Study: Men who do not work full time may face a higher divorce risk

Research suggests that husbands who are not working full-time may be likelier to divorce. Seeking alimony may be a crucial concern for many of these men.

The factors that cause couples to divorce are typically unique, varying from marriage to marriage. Still, sociological research occasionally sheds light on surprising variables that appear to significantly increase a couple's likelihood of splitting up. A new study suggests that loss of full-time employment on a husband's part may be one of these factors.

Study findings

The study, which was published in American Sociological Review, followed 6,300 heterosexual couples and assessed various lifestyle factors to determine whether any were correlated with a higher risk of divorce. The research found that, when all other variables are equalized, couples were one-third likelier to divorce when the husband was not working full-time. The predicted probability of divorce in the next 12 months was 3.3 percent for men in this position, compared to 2.5 percent for their peers.

Potential explanations

By controlling for other variables, the study ruled out various potential explanations for these findings. The enhanced divorce risk that men face when they stop working full-time does not appear to be due to the income loss that is associated with their employment status. The increased financial independence that women have gained in recent years does not appear to be a factor either.

Other variables, such as feelings of identity loss on the part of husbands, resentment on the part of wives or depression on the part of either spouse, might be at play. However, the study simply does not provide enough insight into these factors. Still, it does indicate that many men may be at risk for divorce following deliberate or involuntary loss of full-time employment.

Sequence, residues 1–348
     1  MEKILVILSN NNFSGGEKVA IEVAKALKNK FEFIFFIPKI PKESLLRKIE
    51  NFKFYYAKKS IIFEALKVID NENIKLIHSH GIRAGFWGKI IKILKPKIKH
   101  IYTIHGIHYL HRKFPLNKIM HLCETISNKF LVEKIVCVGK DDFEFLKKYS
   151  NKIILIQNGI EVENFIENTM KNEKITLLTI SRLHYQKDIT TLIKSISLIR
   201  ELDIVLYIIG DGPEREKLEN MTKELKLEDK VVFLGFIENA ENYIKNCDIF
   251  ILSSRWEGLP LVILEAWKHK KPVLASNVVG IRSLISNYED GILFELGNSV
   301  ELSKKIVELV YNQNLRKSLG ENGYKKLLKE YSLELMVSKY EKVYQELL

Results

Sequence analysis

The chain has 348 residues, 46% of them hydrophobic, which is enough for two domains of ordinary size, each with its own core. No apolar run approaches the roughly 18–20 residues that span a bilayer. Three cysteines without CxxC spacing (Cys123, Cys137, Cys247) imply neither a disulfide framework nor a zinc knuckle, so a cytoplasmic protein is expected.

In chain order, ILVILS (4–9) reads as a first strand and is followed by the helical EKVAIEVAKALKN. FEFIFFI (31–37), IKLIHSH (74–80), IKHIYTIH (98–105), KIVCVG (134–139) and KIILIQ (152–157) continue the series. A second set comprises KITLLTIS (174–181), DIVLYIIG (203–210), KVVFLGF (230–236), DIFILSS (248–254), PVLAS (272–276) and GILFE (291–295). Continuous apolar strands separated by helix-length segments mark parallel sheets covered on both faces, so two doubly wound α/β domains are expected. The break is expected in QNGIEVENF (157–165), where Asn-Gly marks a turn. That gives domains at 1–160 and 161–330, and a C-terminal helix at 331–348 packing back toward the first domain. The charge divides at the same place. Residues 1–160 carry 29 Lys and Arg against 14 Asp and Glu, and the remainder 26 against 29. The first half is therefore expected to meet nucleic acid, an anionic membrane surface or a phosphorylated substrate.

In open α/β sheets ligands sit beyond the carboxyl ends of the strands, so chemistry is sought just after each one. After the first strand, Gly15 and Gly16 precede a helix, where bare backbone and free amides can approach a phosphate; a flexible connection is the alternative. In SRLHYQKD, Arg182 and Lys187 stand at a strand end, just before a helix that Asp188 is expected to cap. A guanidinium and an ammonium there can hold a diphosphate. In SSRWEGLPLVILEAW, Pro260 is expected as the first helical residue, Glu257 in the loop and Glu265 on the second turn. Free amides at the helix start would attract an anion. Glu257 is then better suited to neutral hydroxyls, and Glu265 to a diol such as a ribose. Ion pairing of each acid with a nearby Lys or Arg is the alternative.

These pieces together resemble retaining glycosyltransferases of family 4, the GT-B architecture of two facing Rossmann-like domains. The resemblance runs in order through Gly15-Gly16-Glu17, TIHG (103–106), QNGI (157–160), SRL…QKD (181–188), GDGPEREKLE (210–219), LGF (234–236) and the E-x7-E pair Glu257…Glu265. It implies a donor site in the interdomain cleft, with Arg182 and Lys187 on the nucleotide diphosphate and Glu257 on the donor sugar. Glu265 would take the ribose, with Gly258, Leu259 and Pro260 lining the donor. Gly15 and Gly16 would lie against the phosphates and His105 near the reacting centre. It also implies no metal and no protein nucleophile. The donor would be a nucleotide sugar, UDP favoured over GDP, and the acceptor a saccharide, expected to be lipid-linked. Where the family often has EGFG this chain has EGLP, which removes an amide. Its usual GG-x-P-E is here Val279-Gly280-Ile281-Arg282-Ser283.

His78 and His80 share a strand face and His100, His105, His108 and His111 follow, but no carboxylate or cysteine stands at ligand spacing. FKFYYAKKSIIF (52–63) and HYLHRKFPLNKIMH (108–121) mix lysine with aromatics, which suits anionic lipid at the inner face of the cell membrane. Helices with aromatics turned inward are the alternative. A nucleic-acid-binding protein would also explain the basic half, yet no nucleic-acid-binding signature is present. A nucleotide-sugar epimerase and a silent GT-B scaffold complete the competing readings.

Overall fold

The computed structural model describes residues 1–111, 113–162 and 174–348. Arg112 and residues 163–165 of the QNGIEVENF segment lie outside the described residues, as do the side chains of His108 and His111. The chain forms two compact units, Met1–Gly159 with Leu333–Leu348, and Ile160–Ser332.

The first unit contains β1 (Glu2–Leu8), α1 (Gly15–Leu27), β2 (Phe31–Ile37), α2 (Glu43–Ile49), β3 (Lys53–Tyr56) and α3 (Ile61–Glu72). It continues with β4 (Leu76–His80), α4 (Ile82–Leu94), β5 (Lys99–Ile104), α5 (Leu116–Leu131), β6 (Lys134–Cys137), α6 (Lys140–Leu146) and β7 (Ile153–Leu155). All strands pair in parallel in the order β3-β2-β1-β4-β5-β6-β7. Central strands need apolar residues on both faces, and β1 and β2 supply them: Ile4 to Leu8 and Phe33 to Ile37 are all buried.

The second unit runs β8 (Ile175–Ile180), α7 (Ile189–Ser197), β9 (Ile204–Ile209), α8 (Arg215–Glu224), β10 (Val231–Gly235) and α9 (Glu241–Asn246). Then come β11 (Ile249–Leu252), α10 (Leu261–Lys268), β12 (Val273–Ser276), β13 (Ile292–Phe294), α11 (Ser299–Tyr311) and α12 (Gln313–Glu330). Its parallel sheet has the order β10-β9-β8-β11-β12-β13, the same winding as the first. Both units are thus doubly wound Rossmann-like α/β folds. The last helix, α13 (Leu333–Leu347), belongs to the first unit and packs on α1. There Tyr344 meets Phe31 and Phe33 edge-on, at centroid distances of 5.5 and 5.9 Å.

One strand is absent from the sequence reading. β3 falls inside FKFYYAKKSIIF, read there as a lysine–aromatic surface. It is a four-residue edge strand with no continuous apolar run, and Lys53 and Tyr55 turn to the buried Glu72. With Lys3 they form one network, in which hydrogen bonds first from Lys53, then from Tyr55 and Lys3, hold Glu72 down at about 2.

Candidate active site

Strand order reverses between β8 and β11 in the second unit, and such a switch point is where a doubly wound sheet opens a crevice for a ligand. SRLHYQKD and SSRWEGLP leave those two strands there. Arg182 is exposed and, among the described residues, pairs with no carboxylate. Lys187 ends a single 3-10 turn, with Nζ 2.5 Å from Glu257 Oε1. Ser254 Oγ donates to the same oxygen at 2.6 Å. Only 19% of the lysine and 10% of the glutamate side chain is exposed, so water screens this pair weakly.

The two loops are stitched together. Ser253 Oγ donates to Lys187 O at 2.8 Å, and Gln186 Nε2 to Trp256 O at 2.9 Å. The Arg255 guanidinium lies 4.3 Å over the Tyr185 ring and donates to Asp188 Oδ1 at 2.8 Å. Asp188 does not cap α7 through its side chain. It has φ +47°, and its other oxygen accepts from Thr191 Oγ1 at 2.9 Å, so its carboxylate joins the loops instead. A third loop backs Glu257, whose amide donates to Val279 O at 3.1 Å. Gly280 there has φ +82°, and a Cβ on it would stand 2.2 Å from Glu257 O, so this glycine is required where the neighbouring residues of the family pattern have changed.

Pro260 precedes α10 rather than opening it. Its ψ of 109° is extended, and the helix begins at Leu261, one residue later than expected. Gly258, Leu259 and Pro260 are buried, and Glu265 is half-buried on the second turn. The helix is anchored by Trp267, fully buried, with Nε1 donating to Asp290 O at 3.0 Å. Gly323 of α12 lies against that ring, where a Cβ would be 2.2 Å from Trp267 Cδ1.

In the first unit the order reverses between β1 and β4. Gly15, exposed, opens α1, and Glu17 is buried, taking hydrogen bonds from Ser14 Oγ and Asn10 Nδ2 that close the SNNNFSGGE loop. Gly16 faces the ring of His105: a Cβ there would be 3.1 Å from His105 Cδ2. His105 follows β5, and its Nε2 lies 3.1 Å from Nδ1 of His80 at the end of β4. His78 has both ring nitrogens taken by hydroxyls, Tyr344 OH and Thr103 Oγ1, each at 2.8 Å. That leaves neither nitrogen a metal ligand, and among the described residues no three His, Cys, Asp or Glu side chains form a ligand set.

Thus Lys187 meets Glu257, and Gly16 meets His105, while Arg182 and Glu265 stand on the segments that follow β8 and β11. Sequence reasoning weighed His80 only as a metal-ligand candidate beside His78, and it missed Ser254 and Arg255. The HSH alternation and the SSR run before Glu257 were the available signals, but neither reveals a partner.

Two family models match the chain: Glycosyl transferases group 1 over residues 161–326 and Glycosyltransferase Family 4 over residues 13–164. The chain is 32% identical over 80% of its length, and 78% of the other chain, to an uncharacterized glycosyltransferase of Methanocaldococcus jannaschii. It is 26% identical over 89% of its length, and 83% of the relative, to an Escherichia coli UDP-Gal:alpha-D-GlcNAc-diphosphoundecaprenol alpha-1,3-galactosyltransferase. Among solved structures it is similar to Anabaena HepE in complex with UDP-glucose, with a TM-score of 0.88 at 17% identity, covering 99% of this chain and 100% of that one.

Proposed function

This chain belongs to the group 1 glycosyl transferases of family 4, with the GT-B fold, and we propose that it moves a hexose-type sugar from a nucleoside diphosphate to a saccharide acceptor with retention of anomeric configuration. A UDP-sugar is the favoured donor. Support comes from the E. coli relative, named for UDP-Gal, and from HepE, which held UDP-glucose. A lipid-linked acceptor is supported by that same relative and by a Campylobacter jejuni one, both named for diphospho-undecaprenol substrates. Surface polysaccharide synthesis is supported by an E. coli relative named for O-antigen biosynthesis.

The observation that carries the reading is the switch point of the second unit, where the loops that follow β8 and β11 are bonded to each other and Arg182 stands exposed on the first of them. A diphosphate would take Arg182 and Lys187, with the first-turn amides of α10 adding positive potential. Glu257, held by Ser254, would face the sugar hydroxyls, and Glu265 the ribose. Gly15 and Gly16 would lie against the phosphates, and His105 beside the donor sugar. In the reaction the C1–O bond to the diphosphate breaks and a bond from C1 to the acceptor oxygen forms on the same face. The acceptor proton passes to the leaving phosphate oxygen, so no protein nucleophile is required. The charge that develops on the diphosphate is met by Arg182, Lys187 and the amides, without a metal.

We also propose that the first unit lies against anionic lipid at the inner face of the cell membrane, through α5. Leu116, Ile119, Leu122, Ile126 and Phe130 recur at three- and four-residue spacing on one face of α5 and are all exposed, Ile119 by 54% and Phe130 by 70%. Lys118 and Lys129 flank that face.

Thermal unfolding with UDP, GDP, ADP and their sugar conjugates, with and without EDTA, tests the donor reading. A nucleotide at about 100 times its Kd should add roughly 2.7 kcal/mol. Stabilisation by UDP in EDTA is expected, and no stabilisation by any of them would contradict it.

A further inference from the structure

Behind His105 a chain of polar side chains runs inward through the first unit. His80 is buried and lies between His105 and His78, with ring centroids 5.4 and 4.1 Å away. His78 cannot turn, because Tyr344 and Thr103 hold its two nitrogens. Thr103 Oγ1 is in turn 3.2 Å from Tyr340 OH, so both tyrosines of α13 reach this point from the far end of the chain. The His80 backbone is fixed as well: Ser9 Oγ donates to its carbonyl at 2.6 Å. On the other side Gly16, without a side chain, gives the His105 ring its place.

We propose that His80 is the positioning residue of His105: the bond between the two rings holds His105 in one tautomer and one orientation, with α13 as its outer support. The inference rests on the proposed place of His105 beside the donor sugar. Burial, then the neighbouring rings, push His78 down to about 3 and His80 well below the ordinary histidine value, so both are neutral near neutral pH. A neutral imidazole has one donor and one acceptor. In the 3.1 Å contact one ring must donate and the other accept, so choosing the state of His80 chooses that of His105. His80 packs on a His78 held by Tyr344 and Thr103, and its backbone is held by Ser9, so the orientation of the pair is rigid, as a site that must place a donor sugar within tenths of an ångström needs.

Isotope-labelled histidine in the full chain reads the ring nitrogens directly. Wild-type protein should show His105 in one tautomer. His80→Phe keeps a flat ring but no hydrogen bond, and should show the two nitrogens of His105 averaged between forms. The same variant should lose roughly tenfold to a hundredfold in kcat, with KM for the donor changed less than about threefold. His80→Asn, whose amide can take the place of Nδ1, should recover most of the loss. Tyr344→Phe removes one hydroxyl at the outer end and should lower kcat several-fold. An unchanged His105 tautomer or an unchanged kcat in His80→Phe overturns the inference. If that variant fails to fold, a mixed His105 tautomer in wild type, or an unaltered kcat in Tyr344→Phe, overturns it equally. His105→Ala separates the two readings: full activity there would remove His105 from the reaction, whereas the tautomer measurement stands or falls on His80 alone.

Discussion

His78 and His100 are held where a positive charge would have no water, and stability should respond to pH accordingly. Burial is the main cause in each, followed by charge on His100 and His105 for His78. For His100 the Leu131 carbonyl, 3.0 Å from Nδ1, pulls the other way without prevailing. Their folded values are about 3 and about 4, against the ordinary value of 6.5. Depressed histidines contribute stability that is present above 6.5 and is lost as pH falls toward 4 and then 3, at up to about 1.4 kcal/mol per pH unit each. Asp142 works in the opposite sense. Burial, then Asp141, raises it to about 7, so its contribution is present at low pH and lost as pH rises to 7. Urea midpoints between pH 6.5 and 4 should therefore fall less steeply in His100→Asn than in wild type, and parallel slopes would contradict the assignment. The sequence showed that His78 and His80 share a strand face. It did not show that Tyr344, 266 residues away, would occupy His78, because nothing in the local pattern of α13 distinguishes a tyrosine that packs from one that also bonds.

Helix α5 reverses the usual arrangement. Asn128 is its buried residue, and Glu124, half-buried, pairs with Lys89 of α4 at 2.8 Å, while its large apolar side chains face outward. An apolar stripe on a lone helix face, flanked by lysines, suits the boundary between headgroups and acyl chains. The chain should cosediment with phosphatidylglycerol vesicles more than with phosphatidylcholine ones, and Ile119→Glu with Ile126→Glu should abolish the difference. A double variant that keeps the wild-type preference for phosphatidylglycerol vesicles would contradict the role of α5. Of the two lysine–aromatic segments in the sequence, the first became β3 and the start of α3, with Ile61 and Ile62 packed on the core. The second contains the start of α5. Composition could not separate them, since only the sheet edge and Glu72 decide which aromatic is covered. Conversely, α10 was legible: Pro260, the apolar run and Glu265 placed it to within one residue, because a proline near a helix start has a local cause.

Seeking alimony

One important concern for men who have lost earning power or employment may be seeking spousal support or alimony. This form of support is awarded to spouses who are disadvantaged financially and require ongoing aid after divorce or assistance transitioning through the separation. In Connecticut, alimony awards are made based on several factors, including the following:

  • Each spouse's earnings, assets and sources of income
  • The occupation, skills, education, employability and earning capacity of each spouse
  • Each spouse's age, health and financial needs

The court may also consider the above factors to identify an equitable distribution of marital property.

Potential challenges

Unfortunately, many men may not receive the alimony that they could be entitled to. According to Forbes, although women have taken on the role of breadwinner in four out of 10 U.S. households, just 3 percent of all men collect alimony. This gap may partly be due to reluctance on the part of men to violate traditional gender norms by seeking financial support. However, it may also be due to other factors, such as inadvertent gender bias on the part of family law courts.

To improve the likelihood of receiving a favorable settlement, divorcing men should seek the aid of a family law attorney. An attorney may be able to offer assistance in the pursuit of a reasonable settlement that adequately provides for a spouse's financial needs.